posted by dersins at 10:36 AM on March 19, 2009

It's a slip of tissue paper that goes between the envelope and the invitation.
posted by boo_radley at 10:38 AM on March 19, 2009

I didn't think any envelope liners and themed anything were all to important until we planned our wedding. Now when we go to weddings, we notice all the details that the bride and groom put into planning theirs.

Have a great wedding, to all of you who are tying the knot!
posted by bitteroldman at 10:53 AM on March 19, 2009

You should totally do it, EmpressCallipygos. The ones I saw were probably knitted by Chinese children. I saw it on Weddingplans . That comm makes my jaw drop slightly. I didn't even know until a month ago that there was such a thing as a wedding invitation acceptance card, and that people needed to send them. There seems to be such a minefield of 'wedding etiquette' and I've never been one for doing things by the book - it seems that weddings are often designed to please friends and family as much as the couple, and I'm quite selfish really :)
posted by mippy at 10:56 AM on March 19, 2009

There is a lot of junk people will try to sell you, or tell you that you need, because weddings are a big industry. It's interesting comparing Tamil weddings I went to as a kid -- crappy vegetarian food, folding chairs, paper plates -- with ones I go to now -- crazy-ass craziness.
posted by chunking express at 11:03 AM on March 19, 2009

It's amazing how much weddings cost. I got married last year and we had about 125 people. Even though we didn't have anything fancy, made our own invites etc., it still cost about $15K. There's so much you don't think about that you need to buy. For a while there $500 chunks were just being carved off daily - on random stuff. Tuxedos, groom gifts, flowers, bridesmaids' dresses, photographer, PA name it.
posted by jimmythefish at 11:34 AM on March 19, 2009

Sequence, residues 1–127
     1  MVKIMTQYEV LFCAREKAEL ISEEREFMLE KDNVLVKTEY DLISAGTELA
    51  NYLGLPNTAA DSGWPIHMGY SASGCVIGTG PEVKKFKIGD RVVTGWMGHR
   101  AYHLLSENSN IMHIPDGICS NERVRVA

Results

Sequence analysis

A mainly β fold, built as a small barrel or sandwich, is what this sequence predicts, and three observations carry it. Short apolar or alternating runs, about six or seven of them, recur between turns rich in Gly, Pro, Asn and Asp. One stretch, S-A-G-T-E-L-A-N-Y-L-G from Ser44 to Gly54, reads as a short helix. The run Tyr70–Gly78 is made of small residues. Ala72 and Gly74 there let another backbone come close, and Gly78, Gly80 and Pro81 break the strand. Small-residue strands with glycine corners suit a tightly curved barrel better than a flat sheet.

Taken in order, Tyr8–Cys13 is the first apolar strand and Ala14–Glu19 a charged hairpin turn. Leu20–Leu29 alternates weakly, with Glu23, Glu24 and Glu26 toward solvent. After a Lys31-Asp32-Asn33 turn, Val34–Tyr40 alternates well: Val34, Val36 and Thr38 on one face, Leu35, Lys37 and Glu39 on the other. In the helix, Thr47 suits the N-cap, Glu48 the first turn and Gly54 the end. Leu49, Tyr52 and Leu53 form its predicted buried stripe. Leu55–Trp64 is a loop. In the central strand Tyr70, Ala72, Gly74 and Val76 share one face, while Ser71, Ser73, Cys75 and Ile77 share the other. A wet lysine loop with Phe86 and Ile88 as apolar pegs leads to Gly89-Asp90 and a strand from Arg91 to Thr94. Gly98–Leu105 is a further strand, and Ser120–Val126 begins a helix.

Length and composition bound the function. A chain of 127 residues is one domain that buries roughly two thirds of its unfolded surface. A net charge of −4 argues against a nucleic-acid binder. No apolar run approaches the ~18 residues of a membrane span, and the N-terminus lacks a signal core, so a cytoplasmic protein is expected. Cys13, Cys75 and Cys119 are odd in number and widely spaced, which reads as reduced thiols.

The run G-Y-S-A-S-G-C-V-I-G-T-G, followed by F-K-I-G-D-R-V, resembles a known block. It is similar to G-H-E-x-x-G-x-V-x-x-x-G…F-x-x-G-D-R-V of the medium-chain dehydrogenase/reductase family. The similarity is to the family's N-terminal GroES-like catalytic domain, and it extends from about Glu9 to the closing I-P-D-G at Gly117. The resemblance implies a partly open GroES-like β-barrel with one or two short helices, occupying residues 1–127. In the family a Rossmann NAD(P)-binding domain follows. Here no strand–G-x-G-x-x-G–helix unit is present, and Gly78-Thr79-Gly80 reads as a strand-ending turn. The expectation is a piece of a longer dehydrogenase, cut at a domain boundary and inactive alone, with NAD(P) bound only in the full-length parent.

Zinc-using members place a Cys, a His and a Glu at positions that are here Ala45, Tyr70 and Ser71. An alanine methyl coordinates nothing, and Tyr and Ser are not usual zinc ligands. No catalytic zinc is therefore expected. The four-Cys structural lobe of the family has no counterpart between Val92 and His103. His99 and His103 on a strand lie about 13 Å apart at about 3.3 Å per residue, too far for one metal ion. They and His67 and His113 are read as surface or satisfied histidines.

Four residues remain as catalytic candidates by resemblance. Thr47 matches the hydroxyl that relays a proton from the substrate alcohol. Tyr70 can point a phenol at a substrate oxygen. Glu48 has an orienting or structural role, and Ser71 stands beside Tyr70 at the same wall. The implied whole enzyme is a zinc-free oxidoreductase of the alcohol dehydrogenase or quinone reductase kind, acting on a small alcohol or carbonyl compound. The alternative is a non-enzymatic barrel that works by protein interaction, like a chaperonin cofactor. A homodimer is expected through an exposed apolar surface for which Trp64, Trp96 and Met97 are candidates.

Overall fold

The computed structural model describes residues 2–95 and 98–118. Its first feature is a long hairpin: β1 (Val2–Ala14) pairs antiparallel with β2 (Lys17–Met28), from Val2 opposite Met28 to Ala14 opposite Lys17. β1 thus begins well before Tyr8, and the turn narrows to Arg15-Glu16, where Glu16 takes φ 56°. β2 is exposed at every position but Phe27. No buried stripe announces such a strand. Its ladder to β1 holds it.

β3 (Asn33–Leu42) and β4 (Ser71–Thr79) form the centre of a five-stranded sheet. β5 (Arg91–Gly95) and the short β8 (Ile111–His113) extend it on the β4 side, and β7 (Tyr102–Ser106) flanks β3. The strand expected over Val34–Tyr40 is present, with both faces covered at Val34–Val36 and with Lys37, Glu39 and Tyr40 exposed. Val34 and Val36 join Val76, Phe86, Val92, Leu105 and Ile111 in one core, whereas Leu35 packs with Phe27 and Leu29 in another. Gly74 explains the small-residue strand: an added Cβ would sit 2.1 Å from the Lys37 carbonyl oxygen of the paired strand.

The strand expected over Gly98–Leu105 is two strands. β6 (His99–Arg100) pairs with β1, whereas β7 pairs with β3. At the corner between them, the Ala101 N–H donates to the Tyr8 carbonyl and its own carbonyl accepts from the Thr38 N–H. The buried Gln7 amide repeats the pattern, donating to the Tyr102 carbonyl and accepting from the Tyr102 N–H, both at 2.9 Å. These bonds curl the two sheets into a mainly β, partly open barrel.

A $10,000 Wedding
Can she do it?

What? I could buy a wife for ten large. If you can't get married on it, something is wrong with you.
posted by secret about box at 11:58 AM on March 19, 2009 [1 favorite]

The more I hear about all this stuff, the more I resolve that if I ever get married, I'm going to take a leaf out of my parents' notebook and get married in my landlady's apartment wearing a nice outfit I already own, with friends for witnesses. Well, I might not actually have a landlady, but same principle.

Almost thirty years later, and their only regret is that they didn't get to eat more of the wedding cake before they ran off on their honeymoon. Apparently it was a really good cake.
posted by bettafish at 12:12 PM on March 19, 2009 [1 favorite]

The weddings that I have enjoyed most have been the ones where the whole event is designed as a party for all the friends and family of the couple. I have only ever been to DIY weddings, which seem fine to me. Other than the waiting staff and a few officials, there is no need for any strangers.
Wedding presents - not necessary/played down or choose a charity for donations
Getting all your guests to suggest music and then putting it all on random selection on an mp3 player - fine
DJ/Band - not necessary unless they are friends and doing it for the love
Wedding crooner - not necessary
Free bar - necessary
Free food - necessary
Invitations - necessary, but not necessarily over the top

posted by asok at 12:15 PM on March 19, 2009

Free bar - necessary

To me, an open bar has always been a sign of extravagance, and totally unnecessary.
posted by mkb at 12:23 PM on March 19, 2009

Thanks for the shout out, ThePinkSuperhero! And never fear -- Manolo for the Brides appears to have gone back up a few minutes ago, which means it's time for me to get back to work.
posted by Never teh Bride at 12:29 PM on March 19, 2009

::fangirl:: MANOLO!!! Manolo I loooooooove you!!!
posted by ThePinkSuperhero at 12:42 PM on March 19, 2009 [1 favorite]

Don't forget the best wedding blog of all: the sadly defunct Veiled Conceit: